We are all unique and we all have strengths which allow us to contribute to the world. In the early 2000’s, Dr. Martin Seligman and Dr. Christopher Peterson developed the VIA Character Strengths. Their research determined that there are 24 common character strengths that each of us possess to one degree or another, giving us a common language to use, but still recognizing that each of us is unique.
Each of these Character Strengths fall under one of six broad categories called Virtues. These Virtues and Character Strengths have proven to be universal across cultures and nations. Over the next few weeks, we will explore each of the 24 strengths that we all share, yet make you uniquely you!
We will start with the Virtue of Wisdom, which brings together those strengths used to gather and use knowledge.
The Character Strength of Judgement is one that is often misunderstood. In the context of the Character Strengths, Judgement is thought of as open-mindedness, meaning thinking through things and situations and examining them from multiple perspectives. If Judgement is a strong strength for you, you are likely someone who considers all of the evidence and is open to points of view that may differ from your own.
When Judgement is absent it can lead to ineffectiveness due to the inability to think outside of established patterns or beliefs. It's opposite is a tendency to be gullible and 'believe anything'. In excess it can turn into cynicism and being skeptical of everything. Understanding these opposites, absences and excesses can help us identify Judgement being used effectively by ourselves and others. We all have the strength of Judgement and it is expressed by each of us in our own unique way.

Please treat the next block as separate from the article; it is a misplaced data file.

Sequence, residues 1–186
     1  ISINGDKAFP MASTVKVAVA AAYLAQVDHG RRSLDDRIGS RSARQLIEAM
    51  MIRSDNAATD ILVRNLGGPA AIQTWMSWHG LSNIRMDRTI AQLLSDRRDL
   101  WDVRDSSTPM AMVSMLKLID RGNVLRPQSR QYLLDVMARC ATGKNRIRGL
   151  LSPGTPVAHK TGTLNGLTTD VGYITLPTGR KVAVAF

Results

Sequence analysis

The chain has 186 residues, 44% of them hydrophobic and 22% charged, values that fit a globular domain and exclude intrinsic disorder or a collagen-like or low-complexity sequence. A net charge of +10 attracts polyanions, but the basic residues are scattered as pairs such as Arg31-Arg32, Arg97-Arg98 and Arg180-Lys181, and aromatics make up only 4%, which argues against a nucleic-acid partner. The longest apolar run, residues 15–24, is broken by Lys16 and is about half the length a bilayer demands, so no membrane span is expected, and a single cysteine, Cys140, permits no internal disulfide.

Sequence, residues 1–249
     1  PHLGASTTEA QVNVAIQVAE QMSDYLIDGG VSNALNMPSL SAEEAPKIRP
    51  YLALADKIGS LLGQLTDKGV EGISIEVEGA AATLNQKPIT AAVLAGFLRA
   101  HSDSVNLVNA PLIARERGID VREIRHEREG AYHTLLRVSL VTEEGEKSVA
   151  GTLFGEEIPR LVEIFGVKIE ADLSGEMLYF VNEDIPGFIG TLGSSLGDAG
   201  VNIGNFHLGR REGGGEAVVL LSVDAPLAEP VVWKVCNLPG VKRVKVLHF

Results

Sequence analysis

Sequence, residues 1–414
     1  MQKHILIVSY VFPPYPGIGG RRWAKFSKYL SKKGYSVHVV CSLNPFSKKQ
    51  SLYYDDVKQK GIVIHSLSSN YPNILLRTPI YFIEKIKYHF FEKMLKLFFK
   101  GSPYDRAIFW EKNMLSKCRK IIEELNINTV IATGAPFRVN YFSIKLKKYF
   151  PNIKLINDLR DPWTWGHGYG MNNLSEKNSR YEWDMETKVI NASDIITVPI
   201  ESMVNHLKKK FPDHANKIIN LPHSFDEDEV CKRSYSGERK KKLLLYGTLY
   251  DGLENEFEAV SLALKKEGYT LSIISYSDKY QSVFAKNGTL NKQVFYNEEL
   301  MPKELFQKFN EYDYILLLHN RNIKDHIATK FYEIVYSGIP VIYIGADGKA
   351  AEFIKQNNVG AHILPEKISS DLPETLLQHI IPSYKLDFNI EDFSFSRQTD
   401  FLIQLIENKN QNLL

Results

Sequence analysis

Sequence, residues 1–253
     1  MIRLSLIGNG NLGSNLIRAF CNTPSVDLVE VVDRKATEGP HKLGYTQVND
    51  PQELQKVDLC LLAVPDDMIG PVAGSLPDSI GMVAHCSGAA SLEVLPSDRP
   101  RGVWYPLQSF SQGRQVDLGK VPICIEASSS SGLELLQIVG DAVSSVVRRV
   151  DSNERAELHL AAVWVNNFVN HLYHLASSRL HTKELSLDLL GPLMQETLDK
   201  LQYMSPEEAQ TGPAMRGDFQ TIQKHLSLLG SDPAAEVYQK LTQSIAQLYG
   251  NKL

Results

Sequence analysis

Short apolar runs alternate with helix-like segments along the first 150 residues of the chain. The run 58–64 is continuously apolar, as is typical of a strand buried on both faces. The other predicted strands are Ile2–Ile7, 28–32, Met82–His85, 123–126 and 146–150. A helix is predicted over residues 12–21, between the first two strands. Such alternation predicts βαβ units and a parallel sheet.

Judgement can be a challenging strength for some to lean into. It involves critically thinking things through and fairly weighing the evidence while still being open to other opinions and perspectives. People with this strength are particularly helpful during times of change and transition as they can see beyond biases, are accurate decision-makers and are usually not as swayed by sensationalism or manipulation.
Some of the ways you can experiment with your Judgement strength (and you do have it) are to think about a past event and consider ways you could have handled it differently or look at a strong opinion that you hold and experiment with what someone holding the opposite opinion might think. Give it a try and see if your Judgement might lead you to some new ideas or conclusions!
If you would like to learn more about Judgement and your individual strengths, you can visit the website below and complete the free VIA Character Strengths Questionnaire.